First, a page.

Kenya’s Cereal Millers Association (CMA), a regulator for the country’s grain sector, is hoping that maize prices will stabilize following a government-backed program to subsidise the cost of the staple crop that ended on December 31st, 2017.
Kenya’s Cabinet Secretary for the Ministry of Agriculture, Livestock, and Fisheries announced that the subsidy program would end in 2017. The initiative was initially implemented to help replenish the country’s maize reserves after poor rains led to a delayed harvest.
Maize is a staple crop in Kenya and is used to make flour, a major food group for millions in the country. The East African nation requires an average 36 to 40 million bags of maize annually to satisfy demand, estimates by the Agriculture Ministry have revealed.
However, a prolonged drought forced the government to import emergency reserves as local farmers were unable to meet demand earlier in 2017. The government also cut the price of maize flour by nearly half at one point to cushion consumers from runaway prices.
The country’s Ministry of Agriculture then made provisions to transition into the end of the subsidy program.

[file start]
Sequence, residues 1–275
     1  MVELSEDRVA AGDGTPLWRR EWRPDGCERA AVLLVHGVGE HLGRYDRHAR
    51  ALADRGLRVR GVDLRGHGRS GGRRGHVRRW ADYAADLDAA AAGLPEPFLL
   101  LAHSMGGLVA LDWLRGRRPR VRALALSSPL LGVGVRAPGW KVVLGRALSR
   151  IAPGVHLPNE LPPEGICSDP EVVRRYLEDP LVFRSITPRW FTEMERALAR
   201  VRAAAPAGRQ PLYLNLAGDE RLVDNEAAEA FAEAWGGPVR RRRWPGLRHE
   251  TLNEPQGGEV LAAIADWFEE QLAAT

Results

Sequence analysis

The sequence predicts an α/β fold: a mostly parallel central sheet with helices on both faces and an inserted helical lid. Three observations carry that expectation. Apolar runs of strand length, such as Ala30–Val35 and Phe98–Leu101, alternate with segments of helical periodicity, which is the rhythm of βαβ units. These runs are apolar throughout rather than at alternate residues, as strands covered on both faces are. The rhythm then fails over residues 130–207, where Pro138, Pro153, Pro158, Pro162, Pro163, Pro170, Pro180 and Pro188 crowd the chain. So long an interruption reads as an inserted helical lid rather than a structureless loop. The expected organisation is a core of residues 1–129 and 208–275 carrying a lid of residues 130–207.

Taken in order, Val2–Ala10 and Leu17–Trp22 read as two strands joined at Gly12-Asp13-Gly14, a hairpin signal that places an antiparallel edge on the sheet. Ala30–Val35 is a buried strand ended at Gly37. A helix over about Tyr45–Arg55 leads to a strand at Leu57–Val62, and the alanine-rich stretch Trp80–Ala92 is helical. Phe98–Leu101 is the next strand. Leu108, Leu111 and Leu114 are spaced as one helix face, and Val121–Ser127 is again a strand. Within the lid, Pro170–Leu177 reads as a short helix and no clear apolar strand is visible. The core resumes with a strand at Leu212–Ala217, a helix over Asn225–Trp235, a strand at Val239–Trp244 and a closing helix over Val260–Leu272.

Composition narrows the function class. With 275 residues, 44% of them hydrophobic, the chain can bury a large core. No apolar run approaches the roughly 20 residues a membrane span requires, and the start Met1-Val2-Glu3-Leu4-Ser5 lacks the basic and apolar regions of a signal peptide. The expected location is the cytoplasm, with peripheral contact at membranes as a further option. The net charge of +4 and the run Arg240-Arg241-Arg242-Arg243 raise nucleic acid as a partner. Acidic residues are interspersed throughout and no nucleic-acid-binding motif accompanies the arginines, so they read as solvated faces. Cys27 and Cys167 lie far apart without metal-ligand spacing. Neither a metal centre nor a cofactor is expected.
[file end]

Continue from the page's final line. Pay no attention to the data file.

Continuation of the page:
“Millers’ allocated quotas were reduced in order to ensure that no subsidy maize was leftover at the end of the subsidy programme,” explained Nick Hutchinson CMA Chairperson.
“There was also an agreement that at the end of the subsidy programme, millers would return any leftover subsidy maize to the National Cereals and Produce Board (NCPB),” he added.
According to the CMA, members of the Association currently have no subsidized maize left in the stores.
“They are now buying maize from the open market at market determined prices. We hope that the prices will stabilize as soon as there are adequate supplies of maize in the market,” Hutchinson said in a statement issued this week.